Kross, Anna M. (Anna Moscowitz), 1891-1979

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Prisoner in cell at Women's House of Detention, New York, May 2, 1956. Photograph by Jacona

Anna Moscowitz was born in Nesheves Russia, July 17, 1891, daughter of Mayer and Esther (Drazen) Moscowitz. When Anna was two years old, the family immigrated to the United States to avoid religious persecution. They were desperately poor. Anna studied at Columbia University in 1907, worked in a factory, taught English to foreigners, and at night studied law on a scholarship. She received an L.L.B in 1910 and an L.L.M. from New York University in 1911 and was admitted to the New York Bar in 1912. While still in law school she became interested in the fate of prisoners in the court system. In 1917 she married Dr. Isodor Kross, a prominent New York surgeon. They had three children.

In 1918, after several years of private practice, Kross accepted an appointment in the office of the Corporation Council for New York City with an assignment to the Family Court. She remained there until 1923 when she returned to private practice specializing in labor relations. In 1933, Mayor John P. O'Brien appointed Kross to the bench as a Magistrate. She was the first woman judge in the city magistrates court. She was reappointed in 1940 and again in 1950.

In 1946 Kross organized and became the presiding Magistrate of the Home Term Court of the Borough of Manhattan, an experimental social court dealing with the problems of disturbed families. In 1951 the Home Term Court became citywide. In 1954 Kross was appointed Commissioner of Correction of New York City. During her tenure she received a great deal of publicity for her outspoken criticism of government policies that discriminated against the poor. She served with the Correction Department until her retirement in 1966 at the age of 75.

Kross advocated for the implementation of psychological and psychiatric social work in the administration of criminal justice and was instrumental in getting trained psychiatrists, vocational guidance workers, religious agencies, and trained medical personnel involved. She successfully fought against the public spectacle of trials of young girls on morals and vice charges, particularly through the establishment of the Wayward Minors Court (now Girls' Term Court) designed exclusively to deal with the problems of adolescent female delinquency. She insisted that not only prostitutes, but also their clients be booked. Kross gained wide recognition for her work on behalf of youth, advocating a more judicious attitude toward social problems. This was reflected in her insistence that prison was inappropriate for the indigent, mentally ill, prostitutes, or those addicted to drugs or alcohol. She also advocated against the inequities of the bail system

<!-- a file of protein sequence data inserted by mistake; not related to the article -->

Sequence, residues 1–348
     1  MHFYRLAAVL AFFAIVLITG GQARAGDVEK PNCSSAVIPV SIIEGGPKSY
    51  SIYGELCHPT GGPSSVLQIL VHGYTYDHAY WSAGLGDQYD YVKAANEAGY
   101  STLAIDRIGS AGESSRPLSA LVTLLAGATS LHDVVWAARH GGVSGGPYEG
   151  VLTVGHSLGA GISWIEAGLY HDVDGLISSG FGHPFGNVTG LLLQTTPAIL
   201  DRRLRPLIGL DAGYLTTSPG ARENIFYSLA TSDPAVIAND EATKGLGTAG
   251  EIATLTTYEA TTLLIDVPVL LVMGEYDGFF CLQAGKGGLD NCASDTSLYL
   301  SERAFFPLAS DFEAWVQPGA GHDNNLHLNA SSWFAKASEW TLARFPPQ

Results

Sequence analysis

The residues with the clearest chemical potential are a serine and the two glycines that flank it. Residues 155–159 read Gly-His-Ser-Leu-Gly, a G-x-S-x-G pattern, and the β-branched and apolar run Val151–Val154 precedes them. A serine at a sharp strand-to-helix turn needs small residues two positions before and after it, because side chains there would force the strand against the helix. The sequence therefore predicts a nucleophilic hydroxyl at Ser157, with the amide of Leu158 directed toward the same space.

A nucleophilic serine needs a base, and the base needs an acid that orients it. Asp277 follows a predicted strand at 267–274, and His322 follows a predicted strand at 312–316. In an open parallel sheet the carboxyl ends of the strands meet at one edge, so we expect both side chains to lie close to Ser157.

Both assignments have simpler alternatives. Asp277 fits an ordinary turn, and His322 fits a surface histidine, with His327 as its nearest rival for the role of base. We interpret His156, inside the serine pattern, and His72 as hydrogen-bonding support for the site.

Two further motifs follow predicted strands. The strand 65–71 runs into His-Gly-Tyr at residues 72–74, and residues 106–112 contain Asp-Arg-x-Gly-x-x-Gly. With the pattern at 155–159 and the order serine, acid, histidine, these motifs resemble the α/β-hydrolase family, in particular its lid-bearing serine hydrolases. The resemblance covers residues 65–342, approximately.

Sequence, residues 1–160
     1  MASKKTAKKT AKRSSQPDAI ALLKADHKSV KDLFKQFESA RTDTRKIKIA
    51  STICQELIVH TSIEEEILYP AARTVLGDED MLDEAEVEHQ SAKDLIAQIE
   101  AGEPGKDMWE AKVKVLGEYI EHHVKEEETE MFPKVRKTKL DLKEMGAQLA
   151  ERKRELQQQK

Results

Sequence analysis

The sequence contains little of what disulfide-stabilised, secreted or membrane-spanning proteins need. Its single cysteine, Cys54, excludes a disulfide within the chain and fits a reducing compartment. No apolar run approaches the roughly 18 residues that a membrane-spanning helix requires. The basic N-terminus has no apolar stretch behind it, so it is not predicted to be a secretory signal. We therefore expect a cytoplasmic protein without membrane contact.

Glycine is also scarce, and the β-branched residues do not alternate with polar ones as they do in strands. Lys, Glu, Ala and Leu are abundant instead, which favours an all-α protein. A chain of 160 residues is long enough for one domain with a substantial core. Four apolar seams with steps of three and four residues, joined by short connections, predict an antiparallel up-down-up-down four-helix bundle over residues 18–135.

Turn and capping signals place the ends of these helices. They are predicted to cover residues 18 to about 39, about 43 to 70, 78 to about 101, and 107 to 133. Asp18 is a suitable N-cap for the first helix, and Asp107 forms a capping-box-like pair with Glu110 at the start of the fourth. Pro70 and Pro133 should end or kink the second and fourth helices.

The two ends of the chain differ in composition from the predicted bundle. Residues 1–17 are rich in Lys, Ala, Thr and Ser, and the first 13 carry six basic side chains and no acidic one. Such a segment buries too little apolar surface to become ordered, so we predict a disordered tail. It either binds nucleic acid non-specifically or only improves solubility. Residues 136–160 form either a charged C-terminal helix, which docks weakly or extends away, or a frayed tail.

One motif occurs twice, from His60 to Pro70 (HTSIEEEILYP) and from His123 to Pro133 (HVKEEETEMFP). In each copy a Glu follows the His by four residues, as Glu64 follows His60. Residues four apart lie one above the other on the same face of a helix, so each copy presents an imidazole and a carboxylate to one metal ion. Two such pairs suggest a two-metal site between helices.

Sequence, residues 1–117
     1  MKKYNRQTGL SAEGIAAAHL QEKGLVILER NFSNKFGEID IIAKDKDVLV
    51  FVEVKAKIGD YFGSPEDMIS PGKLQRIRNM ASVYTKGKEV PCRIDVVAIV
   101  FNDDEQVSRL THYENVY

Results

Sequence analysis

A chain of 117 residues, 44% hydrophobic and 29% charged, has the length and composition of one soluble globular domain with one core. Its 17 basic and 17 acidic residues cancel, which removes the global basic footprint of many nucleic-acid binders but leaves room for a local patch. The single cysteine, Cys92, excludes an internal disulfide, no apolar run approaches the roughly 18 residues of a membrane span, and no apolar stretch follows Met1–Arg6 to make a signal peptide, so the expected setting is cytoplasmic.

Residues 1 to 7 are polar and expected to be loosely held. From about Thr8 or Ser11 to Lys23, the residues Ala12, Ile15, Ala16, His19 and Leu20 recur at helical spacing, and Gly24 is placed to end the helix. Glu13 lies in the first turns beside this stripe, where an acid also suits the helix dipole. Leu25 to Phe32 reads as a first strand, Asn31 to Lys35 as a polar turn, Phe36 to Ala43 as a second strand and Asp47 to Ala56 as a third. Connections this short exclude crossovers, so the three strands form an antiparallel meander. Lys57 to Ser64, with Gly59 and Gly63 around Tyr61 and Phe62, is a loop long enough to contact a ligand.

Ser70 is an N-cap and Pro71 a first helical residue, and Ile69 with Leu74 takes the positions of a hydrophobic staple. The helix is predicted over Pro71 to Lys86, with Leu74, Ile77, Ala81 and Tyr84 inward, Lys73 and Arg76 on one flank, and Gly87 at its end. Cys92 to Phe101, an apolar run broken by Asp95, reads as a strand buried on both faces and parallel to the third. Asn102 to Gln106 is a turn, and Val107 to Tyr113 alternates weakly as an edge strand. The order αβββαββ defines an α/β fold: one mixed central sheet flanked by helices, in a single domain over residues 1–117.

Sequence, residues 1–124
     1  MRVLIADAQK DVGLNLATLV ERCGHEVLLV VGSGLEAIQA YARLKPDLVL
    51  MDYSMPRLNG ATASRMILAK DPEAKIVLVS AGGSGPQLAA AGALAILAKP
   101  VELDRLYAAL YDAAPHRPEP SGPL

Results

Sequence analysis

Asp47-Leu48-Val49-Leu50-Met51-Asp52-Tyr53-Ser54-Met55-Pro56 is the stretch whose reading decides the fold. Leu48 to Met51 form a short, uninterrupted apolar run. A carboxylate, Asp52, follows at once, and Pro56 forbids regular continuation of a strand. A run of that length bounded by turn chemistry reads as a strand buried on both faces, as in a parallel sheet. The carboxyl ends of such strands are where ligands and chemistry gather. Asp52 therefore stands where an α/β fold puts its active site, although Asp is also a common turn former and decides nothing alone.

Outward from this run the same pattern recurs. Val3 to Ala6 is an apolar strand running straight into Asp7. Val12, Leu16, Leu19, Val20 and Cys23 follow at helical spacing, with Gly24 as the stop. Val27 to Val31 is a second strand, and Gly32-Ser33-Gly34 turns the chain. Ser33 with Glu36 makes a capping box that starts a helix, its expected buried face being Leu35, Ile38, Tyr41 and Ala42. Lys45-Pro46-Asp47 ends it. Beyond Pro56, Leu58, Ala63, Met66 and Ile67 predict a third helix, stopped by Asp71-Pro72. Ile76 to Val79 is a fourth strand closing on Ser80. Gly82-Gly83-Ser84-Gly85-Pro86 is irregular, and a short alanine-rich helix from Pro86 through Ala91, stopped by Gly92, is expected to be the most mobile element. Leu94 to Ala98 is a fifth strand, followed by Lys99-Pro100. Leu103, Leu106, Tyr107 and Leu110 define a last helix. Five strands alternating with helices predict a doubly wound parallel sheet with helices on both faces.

Kross received numerous citations, awards, and honorary degrees and belonged to numerous organizations, including American and international law associations, groups concerned with law enforcement and correction, and Jewish organizations. She died August 27, 1979 at the age of 88.

From the guide to the Anna Moskowitz Kross Papers MS 87., 1905-1974, (Sophia Smith Collection)

Lawyer; Judge; Commissioner, NYC Department of Corrections; Social reformer; Local official.

Born Anna Moscowitz, Nesheves, Russia, 1891; L.L.B, 1910 and L.L.M., 1911, from New York University; admitted to New York Bar, 1912; married Dr. Isodor Kross, 1917; three children. In 1918, after several years of private practice, accepted appointment to office of Corporation Council for New York City with assignment to Family Court until 1923 when she returned to private practice specializing in labor relations. Appointed to the bench, 1933, as first woman judge in city magistrate's court; reappointed 1940 and 1950; In 1946, organized and presided over Home Term Court, Borough of Manhattan--an experimental social court dealing with family problems; Commissioner of Correction, New York City, 1954-66. Advocated for implementation of psychological and psychiatric social work in administration of criminal justice; and gained wide recognition for her work on behalf of youth offenders and insistence that prison was inappropriate for the indigent, mentally ill, prostitutes, and those addicted to drugs or alcohol.